University can seem like a really daunting prospect, I went at an older age and transferred courses, as did Lauren. Everyone has different paths, and different stories and I wanted to debunk some myths as well as relax you a little about what university is really like – and it’s not all beer kegs and frat parties.
Friends / Social life
S: I think this is people’s biggest worry, I know that it was mine. Will I make friends? What if no-one talks to me. Who will I sit with? I promise you, have no fear. Every single person is in that exact same boat. In your first seminar you’ll end up sitting next to someone and talking and this will keep on repeating until you find a group that you’re settled with. I didn’t stay in halls and so I was worried about people already having tight-knit groups that I’d struggle to get into – really no issue at all. I started with criminology and transferred one week later to screenwriting, and both times I had people reach out to me to be friends. Everyone wants a buddy! Within two weeks you’ll have found your tribe. Most of my friends came from a part time job that I had too, it’s a new City and through societies, university and work, you’ll have so many opportunities to find your kind of people.
Don’t overwhelm yourself
S: Universities from the very get go want to push opportunities for you: on-site jobs, societies, clubs, being course rep’s etc, and it’s all great for your CV as they’ll keep telling you but do not overwhelm yourself all at once in first year. I didn’t join any societies. I had just moved to a new City, I had a part time job as well as trying to start my own side-hustle and business, and that was enough focus for me. Some people want everything possible out of their university experience, and some people like me just want to find the right balance, and both is ok. Create your experience how you want to, ignore the pressure. I can’t tell you how many times I was offered to be a course representative but I never wanted to take on too much and let my grades slack. Maybe use your first year how it’s intended; as a trial, see what works for you, how you manage with balancing, and then you can readjust for your second year.
Fashion / What do I wear?
S: So funny. The first week is like a fashion show; everyone wears their nicest glad-rags, and on-point makeup, then two weeks later everyone just wears hoodies and leggings. I promise you have nothing to worry about when it comes to keeping up appearances. Hoodies, comfy jumpers, cardigans, whatever is comfy will soon become your best friend. What I like about my university experience was that there wasn’t really any judgement at all towards anyone. It’s a very open experience.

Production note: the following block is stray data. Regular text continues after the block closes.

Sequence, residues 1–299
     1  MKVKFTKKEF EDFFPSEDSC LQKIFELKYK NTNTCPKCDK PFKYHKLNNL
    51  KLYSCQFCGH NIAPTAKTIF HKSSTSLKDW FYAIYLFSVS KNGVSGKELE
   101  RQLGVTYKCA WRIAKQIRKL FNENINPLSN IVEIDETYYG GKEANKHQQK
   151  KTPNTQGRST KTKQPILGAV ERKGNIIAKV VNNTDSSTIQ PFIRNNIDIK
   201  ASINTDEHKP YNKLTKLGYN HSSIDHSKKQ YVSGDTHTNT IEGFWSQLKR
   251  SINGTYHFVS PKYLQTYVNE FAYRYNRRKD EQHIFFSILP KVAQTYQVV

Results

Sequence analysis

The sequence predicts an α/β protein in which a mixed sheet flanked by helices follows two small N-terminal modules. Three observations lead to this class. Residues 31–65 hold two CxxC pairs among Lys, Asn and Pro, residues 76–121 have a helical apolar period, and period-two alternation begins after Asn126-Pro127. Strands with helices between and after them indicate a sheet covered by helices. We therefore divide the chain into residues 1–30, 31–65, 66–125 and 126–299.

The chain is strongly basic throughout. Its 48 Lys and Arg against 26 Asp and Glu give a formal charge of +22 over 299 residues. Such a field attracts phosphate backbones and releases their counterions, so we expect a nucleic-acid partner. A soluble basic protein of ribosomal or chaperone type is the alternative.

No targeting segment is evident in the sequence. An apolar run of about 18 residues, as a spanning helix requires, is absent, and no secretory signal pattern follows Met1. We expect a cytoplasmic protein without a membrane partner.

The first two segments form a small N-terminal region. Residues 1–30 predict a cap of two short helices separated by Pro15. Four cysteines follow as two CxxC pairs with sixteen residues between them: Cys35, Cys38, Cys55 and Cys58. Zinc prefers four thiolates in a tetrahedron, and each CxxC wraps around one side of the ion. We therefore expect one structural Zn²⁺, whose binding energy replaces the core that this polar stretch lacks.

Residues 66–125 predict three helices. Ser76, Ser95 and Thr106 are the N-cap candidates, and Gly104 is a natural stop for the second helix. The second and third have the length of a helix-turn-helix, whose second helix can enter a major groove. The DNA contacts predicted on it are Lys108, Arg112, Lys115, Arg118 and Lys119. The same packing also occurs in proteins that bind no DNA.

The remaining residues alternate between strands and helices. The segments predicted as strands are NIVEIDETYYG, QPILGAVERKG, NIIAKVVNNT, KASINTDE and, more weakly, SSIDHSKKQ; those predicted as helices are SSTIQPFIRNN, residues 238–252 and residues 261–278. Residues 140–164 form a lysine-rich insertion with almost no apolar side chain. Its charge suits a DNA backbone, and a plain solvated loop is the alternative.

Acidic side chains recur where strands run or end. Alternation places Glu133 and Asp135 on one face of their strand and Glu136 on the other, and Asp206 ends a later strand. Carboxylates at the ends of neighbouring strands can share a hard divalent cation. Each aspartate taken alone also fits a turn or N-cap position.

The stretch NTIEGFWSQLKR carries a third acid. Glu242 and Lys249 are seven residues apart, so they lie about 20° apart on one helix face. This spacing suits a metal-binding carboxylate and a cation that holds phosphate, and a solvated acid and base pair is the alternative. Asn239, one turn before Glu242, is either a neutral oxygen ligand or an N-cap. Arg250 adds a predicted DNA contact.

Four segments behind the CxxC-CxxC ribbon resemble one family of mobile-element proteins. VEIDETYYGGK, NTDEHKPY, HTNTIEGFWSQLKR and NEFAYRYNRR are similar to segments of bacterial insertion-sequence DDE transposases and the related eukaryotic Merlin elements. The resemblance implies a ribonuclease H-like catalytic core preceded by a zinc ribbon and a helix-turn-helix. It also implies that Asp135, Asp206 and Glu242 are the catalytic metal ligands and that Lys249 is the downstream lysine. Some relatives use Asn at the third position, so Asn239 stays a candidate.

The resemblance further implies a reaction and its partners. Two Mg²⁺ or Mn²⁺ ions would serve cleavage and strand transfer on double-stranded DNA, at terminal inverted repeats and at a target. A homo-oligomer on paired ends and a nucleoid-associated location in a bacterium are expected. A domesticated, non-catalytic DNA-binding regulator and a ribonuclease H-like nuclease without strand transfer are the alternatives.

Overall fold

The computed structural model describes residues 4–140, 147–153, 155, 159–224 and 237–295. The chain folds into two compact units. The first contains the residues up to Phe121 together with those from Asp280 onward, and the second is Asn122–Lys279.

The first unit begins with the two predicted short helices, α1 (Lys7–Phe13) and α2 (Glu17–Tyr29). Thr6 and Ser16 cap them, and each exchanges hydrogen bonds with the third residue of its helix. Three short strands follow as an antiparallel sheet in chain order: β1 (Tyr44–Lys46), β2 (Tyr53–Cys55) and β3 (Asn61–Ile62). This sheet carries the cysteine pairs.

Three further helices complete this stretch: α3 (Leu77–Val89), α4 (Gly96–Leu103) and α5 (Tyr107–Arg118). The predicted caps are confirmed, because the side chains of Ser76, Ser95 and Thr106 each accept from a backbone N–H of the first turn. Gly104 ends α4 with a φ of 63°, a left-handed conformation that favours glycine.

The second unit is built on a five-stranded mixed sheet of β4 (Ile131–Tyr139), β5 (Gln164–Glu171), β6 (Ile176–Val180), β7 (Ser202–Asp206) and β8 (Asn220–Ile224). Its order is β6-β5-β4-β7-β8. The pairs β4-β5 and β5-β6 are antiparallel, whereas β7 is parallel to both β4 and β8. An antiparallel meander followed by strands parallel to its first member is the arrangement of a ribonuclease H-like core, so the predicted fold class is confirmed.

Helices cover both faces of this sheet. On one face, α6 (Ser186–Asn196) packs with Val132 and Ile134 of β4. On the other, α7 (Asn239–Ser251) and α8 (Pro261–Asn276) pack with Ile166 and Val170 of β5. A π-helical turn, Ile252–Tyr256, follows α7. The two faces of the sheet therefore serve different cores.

S: If you want an easier life, being organised is your best friend. Juggling work and university was hard sometimes, but the way that I managed to stay on track with firsts was by being super planned and strict with myself. From the very first week of each module I made sure that I knew exactly what my assessment was, and read the grade boundaries so that I could use it as a checklist to make sure that I had covered as much as possible. Because you know from the very get go what your assessments are, it gives you the full eight weeks to focus on that. Yes you have different small weekly work due, but if you don’t lose sight of the main goal, you can stay on track. I use my Mal Paper notebook every week to record my five most important goals that week and it keeps me prepared. Plan plan plan! I always made sure that I was finished at least a week early too because sometimes things can happen out of the blue in life, and I never wanted to have to ask for an extension.
L: I want to tack onto the end of this point, because I think it’s really important for students, especially freshers to stay organised during their first year. I made the mistake of not deciding in advance what media I was going to use to create notes. I used my laptop and notebooks to make notes in classes and this went wrong when I realised that I had missing notes and couldn’t locate some of my work! I definitely advise that you make a decision before you go to uni so that you can keep everything in one place and easily accessible! If you are using a laptop, definitely utilise OneDrive or a memory stick to backup all of your data, just in case! I’d even recommend using a few platforms to store files, because I lost the majority of work on an assignment last year and had to restart, all because my cloud was full. Not to mention having this means there’s no messing around when you want to use a uni library computer to print things off!